RFC 1963 PPP SDTP August 1996 4.1. Packet-Format This option selects whether the Header field precedes or follows the data field. When the Header field follows the data field, the order of its octets are reversed. 0 1 2 0 1 2 3 4 5 6 7 8 9 0 1 2 3 4 5 6 7 8 9 0 1 2 3 +-+-+-+-+-+-+-+-+-+-+-+-+-+-+-+-+-+-+-+-+-+-+-+-+ | Type | Length | Format | +-+-+-+-+-+-+-+-+-+-+-+-+-+-+-+-+-+-+-+-+-+-+-+-+ Type 1 Length 3 Format 0 Header-Last (default) 1 Header-First 4.2. Header-Type This option selects the type of the Header field. The Header-Type of H-and-CS means that the CS octet will be present if indicated by the E-bit in the H-octet. The Header-Type of H-and-CS-Always signifies that both the H and CS octets are present in every packet. 0 1 2 0 1 2 3 4 5 6 7 8 9 0 1 2 3 4 5 6 7 8 9 0 1 2 3 +-+-+-+-+-+-+-+-+-+-+-+-+-+-+-+-+-+-+-+-+-+-+-+-+ | Type | Length | Header-Type | +-+-+-+-+-+-+-+-+-+-+-+-+-+-+-+-+-+-+-+-+-+-+-+-+ Type 2 Length 3 Schneider & Venters Informational [Page 13]
RFC 1963 PPP SDTP August 1996 Header-Type 0 H-Only (default) 1 H-and-CS 2 H-and-CS-Always 4.3. Length-Field-Present By default, a PPP Information Field contains only a single SDTP packet, and an SDTP Packet does not contain a length field. Successful negotiation of this option causes all SDTP packets to contain the length field, and allows SDTP packets to be contained in compound frames (see LCP Compound-Frames Configuration Option [11]). This option is required if the LCP Length-Field-Present Configuration option has been negotiated. The size of the Length field is negotiated via the Length-Size parameter. 0 1 2 0 1 2 3 4 5 6 7 8 9 0 1 2 3 4 5 6 7 8 9 0 1 2 3 +-+-+-+-+-+-+-+-+-+-+-+-+-+-+-+-+-+-+-+-+-+-+-+-+ | Type | Length | Length-Size | +-+-+-+-+-+-+-+-+-+-+-+-+-+-+-+-+-+-+-+-+-+-+-+-+ Type 3 Length 3 Length-Size 0 No Length Field (default) 1 Length field of 1 octet 2 Length field of 2 octets 4.4. Multi-Port By default, packets do not contain a port number and all packets are sent to the default port, Port 0. The Successful negotiation of the Multi-Port configuration option means that every packet will contain a port number. The maximum port number, and hence the number of ports, is negotiated by using the Max-Port-Num field. A value of 0 specifies that a single port is to be used and no port field will be Schneider & Venters Informational [Page 14]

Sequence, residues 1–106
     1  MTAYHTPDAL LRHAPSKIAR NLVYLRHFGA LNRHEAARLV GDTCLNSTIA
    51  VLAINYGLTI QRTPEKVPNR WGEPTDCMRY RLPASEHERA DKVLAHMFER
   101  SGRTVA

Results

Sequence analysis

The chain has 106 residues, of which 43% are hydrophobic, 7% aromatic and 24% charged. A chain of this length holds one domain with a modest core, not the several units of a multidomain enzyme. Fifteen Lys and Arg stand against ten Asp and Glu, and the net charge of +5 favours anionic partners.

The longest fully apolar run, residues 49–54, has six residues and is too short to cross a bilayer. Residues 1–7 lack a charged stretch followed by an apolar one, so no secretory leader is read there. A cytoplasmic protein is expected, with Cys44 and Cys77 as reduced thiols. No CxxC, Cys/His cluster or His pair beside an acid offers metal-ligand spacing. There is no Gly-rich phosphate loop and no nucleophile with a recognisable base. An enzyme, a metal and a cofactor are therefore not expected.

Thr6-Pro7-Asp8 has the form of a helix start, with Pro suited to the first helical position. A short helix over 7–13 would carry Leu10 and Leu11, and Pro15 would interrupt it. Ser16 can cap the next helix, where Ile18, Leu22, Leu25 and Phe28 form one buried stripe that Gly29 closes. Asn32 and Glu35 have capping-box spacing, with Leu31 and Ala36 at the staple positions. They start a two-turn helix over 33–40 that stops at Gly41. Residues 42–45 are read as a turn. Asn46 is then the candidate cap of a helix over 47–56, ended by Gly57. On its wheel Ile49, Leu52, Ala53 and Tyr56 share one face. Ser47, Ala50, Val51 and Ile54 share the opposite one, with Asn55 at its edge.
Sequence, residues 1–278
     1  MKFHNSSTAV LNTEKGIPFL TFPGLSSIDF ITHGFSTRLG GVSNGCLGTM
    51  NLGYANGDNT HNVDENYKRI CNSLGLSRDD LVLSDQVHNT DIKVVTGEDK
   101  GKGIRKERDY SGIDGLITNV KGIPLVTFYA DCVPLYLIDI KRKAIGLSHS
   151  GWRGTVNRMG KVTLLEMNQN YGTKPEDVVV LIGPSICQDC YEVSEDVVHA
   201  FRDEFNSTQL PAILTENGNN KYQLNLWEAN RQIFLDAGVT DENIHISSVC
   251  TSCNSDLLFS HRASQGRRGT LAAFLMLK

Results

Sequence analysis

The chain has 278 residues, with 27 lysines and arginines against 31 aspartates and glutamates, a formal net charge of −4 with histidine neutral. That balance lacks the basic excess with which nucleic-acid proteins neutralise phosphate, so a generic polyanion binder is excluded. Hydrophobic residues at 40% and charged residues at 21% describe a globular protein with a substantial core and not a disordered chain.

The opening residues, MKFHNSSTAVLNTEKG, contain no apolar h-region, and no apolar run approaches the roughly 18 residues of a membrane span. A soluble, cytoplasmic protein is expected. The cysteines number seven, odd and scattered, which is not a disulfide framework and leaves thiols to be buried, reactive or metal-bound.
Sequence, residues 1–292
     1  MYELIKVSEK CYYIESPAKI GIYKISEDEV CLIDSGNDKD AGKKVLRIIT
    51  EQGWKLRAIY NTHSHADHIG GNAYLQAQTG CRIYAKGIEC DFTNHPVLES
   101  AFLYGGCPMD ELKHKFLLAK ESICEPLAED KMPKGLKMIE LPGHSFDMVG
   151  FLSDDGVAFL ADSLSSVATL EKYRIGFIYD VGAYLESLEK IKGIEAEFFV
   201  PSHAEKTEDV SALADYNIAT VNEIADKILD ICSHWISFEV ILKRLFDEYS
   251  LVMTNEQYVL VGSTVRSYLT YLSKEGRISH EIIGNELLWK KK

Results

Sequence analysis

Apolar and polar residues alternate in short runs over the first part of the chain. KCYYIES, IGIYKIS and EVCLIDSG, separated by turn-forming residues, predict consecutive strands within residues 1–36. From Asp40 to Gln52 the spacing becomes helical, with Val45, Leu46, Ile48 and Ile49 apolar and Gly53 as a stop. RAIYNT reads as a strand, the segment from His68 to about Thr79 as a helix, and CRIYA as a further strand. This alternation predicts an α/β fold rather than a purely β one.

RFC 1963 PPP SDTP August 1996 present in an SDTP packet. (This is the same as not negotiating or rejecting this option.) Port numbers begin with 0 and range to 254. Port number 255 is reserved for control purposes (see section on flow control). Protocol Specific negotiations which are on a per port basis, require the port number to be specified as part of the configuration negotiation. 0 1 2 0 1 2 3 4 5 6 7 8 9 0 1 2 3 4 5 6 7 8 9 0 1 2 3 +-+-+-+-+-+-+-+-+-+-+-+-+-+-+-+-+-+-+-+-+-+-+-+-+ | Type | Length | Max-Port-Num | +-+-+-+-+-+-+-+-+-+-+-+-+-+-+-+-+-+-+-+-+-+-+-+-+ Type 4 Length 3 Max-Port-Num The maximum port number that can be used. The number of ports present is Max-Port-Num + 1. The value can range from 0 to 254. 4.5. Transport-Mode This parameter selects the mode of transport for the specified port. 0 1 2 3 0 1 2 3 4 5 6 7 8 9 0 1 2 3 4 5 6 7 8 9 0 1 2 3 4 5 6 7 8 9 0 1 +-+-+-+-+-+-+-+-+-+-+-+-+-+-+-+-+-+-+-+-+-+-+-+-+-+-+-+-+-+-+-+-+ | Type | Length | Port | Mode | +-+-+-+-+-+-+-+-+-+-+-+-+-+-+-+-+-+-+-+-+-+-+-+-+-+-+-+-+-+-+-+-+ Type 5 Length 4 Schneider & Venters Informational [Page 15]